U.S. Am champ Fitzpatrick faces new tests - in college

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BROOKLINE, Mass. – The texts were rolling in, 35 and counting, but this message caught Matt Fitzpatrick’s eye.

With a lesson scheduled for next Saturday in England, his coach, Mike Walker, tapped out a note in the wake of the U.S. Amateur final:

So, what on earth do we work on now?

Good question. 

For seven days here, Fitzpatrick left little doubt as to who was the best player in the 113th U.S. Amateur, capping his week with a commanding 4-and-3 victory over Oliver Goss in Sunday’s scheduled 36-hole final at The Country Club. 


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Five of Fitzpatrick’s six matches this week were decided by the 15th hole, a dominating performance for a player who, at 18 years, 11 months and 17 days, became the fourth-youngest champion in tournament history. The new No. 1-ranked amateur in the world now has a spot in next year’s first three majors.

Even now, there are so few weaknesses in his game. Sure, Fitzpatrick will eventually need to hit the ball longer (his average drive is about 280 yards), and he needs to develop a higher ball flight. But he’ll pack muscle onto his 5-foot-9-inch, 135-pound frame – just give him a few months with the college strength-and-conditioning coach and nutritionist. 

The weakness part of his repertoire? Well, all week he hinted at a usually suspect short game. Those are exceptionally high standards, apparently, because after watching his opponent drain three putts of more than 20-plus feet in the opening 18-hole session Sunday, Goss marveled, “I’ve never seen anything like it. He’s the best putter I’ve ever seen. It was hard to watch.”

And it may only get worse for opponents. 

In three weeks, Fitzpatrick will report to Northwestern for the first day of team practice. Who is his coach for (presumably) the next four years? Pat Goss, the man largely responsible for turning Luke Donald into the short-game assassin who ascended to world No. 1. 

“Matt is starting to believe how good he is and how good he can be,” Goss said. “But he has no sense of, ‘Oh, I’ve figured it all out.’ That’s a good recipe for success.”

Not much will change once Fitzpatrick arrives in Evanston. Expectations will shift, just as they do for every national champion, but especially for one who became the first Englishman in more than a century to win the U.S. Amateur. He won’t see his girlfriend as often. He won’t have the British media “chasing” him.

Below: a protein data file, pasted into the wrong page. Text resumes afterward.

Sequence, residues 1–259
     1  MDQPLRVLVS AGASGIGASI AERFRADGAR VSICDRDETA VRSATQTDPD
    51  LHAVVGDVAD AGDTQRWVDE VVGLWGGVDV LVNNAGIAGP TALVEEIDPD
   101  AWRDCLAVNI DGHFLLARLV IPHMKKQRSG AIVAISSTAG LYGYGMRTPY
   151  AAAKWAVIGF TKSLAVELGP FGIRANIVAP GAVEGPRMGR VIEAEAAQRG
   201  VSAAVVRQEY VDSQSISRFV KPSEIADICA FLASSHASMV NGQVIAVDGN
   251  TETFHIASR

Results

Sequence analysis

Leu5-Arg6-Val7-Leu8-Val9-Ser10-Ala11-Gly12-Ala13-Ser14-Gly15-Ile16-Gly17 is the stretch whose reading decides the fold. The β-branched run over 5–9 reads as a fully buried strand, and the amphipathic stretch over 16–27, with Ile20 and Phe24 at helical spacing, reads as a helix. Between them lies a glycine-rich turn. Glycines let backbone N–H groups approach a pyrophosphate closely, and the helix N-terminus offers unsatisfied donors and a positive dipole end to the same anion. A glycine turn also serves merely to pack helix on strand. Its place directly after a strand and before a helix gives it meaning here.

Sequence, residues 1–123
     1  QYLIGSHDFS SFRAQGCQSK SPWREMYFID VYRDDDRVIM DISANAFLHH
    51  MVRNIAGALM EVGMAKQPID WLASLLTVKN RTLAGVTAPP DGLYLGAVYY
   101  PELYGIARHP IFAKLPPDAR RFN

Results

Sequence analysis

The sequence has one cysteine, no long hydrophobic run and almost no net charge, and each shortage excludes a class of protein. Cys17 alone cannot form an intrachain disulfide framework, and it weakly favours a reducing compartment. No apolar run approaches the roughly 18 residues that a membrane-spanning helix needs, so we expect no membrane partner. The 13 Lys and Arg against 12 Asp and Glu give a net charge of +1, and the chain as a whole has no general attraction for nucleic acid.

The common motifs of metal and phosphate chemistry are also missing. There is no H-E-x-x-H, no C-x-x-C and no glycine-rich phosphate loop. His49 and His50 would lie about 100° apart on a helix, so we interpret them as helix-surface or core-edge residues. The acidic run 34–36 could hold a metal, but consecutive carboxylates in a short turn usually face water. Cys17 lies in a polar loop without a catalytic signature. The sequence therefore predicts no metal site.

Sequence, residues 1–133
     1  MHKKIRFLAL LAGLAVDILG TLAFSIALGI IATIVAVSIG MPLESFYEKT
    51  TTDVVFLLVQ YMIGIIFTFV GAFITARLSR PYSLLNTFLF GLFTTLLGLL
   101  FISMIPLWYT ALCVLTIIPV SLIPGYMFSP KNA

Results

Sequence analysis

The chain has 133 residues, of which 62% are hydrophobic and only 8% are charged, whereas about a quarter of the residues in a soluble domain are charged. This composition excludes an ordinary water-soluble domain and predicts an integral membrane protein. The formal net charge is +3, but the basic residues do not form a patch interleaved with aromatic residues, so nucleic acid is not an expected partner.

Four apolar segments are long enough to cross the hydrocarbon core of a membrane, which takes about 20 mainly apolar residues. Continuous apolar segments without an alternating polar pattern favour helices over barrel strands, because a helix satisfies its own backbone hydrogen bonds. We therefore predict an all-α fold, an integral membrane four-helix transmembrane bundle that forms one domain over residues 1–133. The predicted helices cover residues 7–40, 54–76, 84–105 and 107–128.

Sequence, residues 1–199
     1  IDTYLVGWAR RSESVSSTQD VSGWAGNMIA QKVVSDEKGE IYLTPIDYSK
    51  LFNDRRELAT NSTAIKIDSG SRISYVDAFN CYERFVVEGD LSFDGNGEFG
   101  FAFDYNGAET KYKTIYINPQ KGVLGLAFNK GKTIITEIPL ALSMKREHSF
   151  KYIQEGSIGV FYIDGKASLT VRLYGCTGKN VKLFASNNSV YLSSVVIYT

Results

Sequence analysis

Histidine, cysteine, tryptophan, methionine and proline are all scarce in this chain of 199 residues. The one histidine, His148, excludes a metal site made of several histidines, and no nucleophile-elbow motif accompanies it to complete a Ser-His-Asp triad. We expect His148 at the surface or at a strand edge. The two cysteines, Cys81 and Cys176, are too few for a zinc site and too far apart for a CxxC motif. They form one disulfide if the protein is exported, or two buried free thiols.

But mostly, he’ll be a normal 18-year-old kid on campus, with a full course load, late nights and good friends. 

And, finally, a primary focus on golf. 

That hasn’t been the case for the past few years, as Fitzpatrick crammed for the A-level exams. In short, they’re SATs on steroids. Students study for two years – in his case, in the subjects of geography, history and sports science – to take a test that decides their future. “They say that they’re the hardest exams that you’ll ever take,” he said. 

They consumed his life, and each year the intense studying affected his game. His father would come home from work to see Matt’s head buried in his books. Every four days or so, he would grab the clubs and practice for an hour. That’s it. He skipped many of England’s biggest amateur events to focus on his studies.

“He’s not a gifted academic, not a straight-A student,” said Fitzpatrick’s father, Russell. “He has had to work really hard to get here.”

The exam scores were announced this past Thursday, before the U.S. Amateur’s Round of 32. Fitzpatrick scrolled through his Twitter and Facebook feeds and noticed all of his friends were panicking, because, he said, “it does decide their life, really.” Where they go to school. What they’re going to pursue.

He took immense pride in preparing as well as possible (two Cs and a B), even if his path to Northwestern was clear. 

“Whatever he eventually wins,” Russell Fitzpatrick said, “that’s the best prize he’s got. A great education.”

But with so much success, so soon, at such a young age, it’s natural to wonder how long Fitzpatrick will spend in school, or whether the allure of the mega-million Tour life will prove to be too much of a temptation for another talented youngster.

The Fitzpatrick family has a four-year college plan in place, however, no matter how impressive and mature Matt has seemed this summer in earning low-amateur honors at the British Open and winning the U.S. Amateur, all in a four-week span. 

“This might be as good as it ever gets,” Russell Fitzpatrick said. “You just never know. Professional sport is really, really tough. I’ve seen players turn pro, and we never hear from them again. If he decides to play professional golf someday, he has no pressure because he knows he has a fallback option. If he turns pro after one year and it doesn’t work out, and he doesn’t have a degree, if he’s just a flash in the pan, then what’s he go with?”

Rest assured, Fitzpatrick is no flash in the pan, not with his textbook, repeatable swing and soft hands around the green.

On Sunday, after seven days of sun and wind, The Country Club turned into a veritable U.S. Open test. Some holes were brutally long. The greens were “rock-hard.” The rough was ankle-deep.

And Matt Fitzpatrick led for all but four of the 33 holes and defeated the 13th-ranked amateur in the world, quite handily in fact. 

So, what on earth is there to work on?

Right now, with the gold Havemeyer Trophy beside him, the answer was clear:

Not much … except, perhaps, his new college course schedule.